So what is so unusual about the Hopper 3? The answer: It has 16 built-in satellite TV tuners!

What this means is that the Hopper 3 can record up to 16 TV programs at once. This is more than enough capacity for even the most avid video recording fanatic.

To further facilitate all that recording capacity, the Hopper 3 also comes with a built-in 2 Terabyte hard drive.

In addition, the Hopper 3 can display four channels on your TV screen at once (referred as the "Sports Bar mode") - If you have a 4K Ultra HD TV, that means 4 live 1080p resolution images on a single screen.

Other features include a beef-up processor for increased menu navigation speed, and the ability to work with Dish's satellite Joey boxes for even more recording and multi-room TV viewing capability.

Dish is also coming out with a new Voice-enabled Remote Control for the Hopper system.

For more details on all of the features and specifications of the Hopper 3, check out the Official Dish Hopper 3 Announcement

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Home Theater Gets Personal at the 2016 CES

Mobile Home Theater - Royale X, Vuzix Eyewear - CES 2016
Mobile Home Theater - Royale X, Vuzix Eyewear - CES 2016. Photo © Robert Silva - Licensed to About.com

To finish off my annual CES wrap-up report, I wanted to include something a little different.

At last year's CES I got my first taste of Virtual Reality with a look at the Samsung Gear VR, so this year I wanted to dig a little deeper to see how such devices might fit in with the home theater experience.

In my search, I found two such product variations that are not so much Virtual Reality-oriented, but more optimized for movie watching, the Vuzix iWear Video Headphones and Royole X Smart Mobile Theater. Neither product requires the use of a Smartphone as its screen.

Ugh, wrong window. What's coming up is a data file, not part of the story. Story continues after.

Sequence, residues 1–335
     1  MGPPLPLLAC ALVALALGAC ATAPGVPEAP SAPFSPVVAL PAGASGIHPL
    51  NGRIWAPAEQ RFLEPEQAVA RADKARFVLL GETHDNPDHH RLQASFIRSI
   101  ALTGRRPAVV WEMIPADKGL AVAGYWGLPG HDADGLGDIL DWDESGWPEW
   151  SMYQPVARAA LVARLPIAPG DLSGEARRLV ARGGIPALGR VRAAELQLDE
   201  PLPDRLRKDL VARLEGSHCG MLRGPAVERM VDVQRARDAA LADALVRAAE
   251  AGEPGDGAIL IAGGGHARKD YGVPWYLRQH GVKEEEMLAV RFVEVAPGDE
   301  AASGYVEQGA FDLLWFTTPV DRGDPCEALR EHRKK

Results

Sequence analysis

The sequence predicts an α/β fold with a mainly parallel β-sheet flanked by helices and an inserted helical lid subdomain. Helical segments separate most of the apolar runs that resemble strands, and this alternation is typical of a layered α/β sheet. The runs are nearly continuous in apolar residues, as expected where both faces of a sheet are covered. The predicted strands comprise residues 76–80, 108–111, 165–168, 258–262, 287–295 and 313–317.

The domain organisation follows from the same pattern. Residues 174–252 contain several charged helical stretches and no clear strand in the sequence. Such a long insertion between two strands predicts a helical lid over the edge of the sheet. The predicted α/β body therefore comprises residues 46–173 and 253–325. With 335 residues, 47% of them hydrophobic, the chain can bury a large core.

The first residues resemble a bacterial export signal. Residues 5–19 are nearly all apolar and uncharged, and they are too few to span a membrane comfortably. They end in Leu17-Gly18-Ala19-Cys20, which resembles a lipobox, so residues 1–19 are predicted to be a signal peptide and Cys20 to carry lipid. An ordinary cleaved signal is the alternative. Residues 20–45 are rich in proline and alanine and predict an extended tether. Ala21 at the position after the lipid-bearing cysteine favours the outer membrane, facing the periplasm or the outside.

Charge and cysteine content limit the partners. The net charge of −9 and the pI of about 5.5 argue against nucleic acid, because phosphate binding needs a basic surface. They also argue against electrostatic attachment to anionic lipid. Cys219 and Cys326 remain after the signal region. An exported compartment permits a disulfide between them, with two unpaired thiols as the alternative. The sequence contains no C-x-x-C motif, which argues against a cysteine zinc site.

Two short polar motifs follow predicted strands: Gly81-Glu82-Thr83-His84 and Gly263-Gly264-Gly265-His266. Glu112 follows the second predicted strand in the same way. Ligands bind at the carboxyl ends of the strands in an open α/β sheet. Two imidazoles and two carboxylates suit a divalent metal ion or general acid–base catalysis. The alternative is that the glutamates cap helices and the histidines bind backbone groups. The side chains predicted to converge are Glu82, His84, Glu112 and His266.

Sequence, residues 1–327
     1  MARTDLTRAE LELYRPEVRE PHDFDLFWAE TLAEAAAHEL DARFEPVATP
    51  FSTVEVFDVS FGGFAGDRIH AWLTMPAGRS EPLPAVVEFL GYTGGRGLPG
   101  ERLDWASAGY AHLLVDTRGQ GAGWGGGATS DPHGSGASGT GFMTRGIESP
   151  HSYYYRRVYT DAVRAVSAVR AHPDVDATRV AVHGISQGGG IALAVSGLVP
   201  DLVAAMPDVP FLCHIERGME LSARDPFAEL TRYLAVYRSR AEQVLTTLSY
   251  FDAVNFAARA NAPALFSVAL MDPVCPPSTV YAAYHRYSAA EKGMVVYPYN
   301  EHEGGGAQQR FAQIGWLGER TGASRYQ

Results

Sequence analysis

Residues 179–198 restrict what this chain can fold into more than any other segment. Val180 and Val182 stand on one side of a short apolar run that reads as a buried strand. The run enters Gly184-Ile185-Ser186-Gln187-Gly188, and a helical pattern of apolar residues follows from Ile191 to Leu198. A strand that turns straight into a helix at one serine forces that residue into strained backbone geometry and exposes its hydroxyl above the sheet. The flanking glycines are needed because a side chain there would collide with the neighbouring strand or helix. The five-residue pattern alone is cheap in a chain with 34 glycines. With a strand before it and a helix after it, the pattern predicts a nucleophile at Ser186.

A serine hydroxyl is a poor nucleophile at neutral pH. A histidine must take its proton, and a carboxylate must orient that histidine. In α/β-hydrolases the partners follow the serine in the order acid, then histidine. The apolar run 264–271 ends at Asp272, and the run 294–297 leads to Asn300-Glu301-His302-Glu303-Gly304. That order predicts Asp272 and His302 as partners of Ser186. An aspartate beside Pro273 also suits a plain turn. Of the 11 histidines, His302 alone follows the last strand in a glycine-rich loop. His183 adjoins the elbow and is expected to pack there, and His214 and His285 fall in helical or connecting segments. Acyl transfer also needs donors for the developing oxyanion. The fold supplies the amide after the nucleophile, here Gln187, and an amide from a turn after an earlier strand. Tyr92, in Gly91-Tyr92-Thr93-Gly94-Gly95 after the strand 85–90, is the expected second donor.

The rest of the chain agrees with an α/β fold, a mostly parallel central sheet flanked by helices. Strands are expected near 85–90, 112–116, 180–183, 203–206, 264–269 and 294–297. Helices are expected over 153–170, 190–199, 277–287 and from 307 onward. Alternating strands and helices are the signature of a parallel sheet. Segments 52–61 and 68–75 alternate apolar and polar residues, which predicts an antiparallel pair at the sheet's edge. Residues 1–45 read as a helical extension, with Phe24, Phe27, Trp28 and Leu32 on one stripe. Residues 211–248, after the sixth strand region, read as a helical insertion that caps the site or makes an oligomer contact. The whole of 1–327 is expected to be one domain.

Keeping with the home theater theme, both devices allow you to connect an HDMI source (such as Blu-ray Disc player) to small control box, that is, in turn, then connected to the headset.

In the headset there are the glasses (which allow 2D or 3D viewing depending on content) that incorporate separated LCD screens for each eye, as well as a audio headphone system that allows for surround sound listening.

Both systems, despite their bulky appearance, where fairly comfortable after a few minutes (you have to get used to it).

What you see is a virtual large movie screen, and what you hear (depending on content) is a pretty decent surround sound experience.

Although both systems need a little tweaking (higher-resolution screens, and a little more compactness), the movie watching experience was pretty good.

For the home, such devices can allow you to watch a Blu-ray Disc movie, along with thunderous surround sound, without disturbing the neighbors, or the rest your family, on those late nights.

For the road (not while you are driving, of course!), you can take your home theater experience with you just take along your iWear Video Headphones or Smart Mobile Theater, plug in a compatible source (some Blu-ray Disc players are so compact, you would fit one in a small laptop bag), and you are all set.

It will be interesting to see how these products are accepted by consumers in 2016.

For full details on the Vuzix iWear Video Headphones (which received a 2016 CES Innovations Award) - Check out the official product page

For more on the Royole X Smart Mobile Theater, refer to their official product page.

Final Take

This ends my annual CES Wrap-Up Report for 2016 - However, this is definitely not the end of my reporting on products that were shown at CES - as I will have more info on individual products and technologies in the coming weeks and months of 2016.

More Products Shown At The 2016 CES

Samsung Makes Its Smart TVs Smarter With Home Control Features

Samsung Announces Dolby Atmos-enabled Sound Bar

Axiim Offers Up A Wireless Home Theater Audio System For 2016

SVS Announces Versatile Prime Elevation Speaker

More On Digital Cameras Shown At CES 2016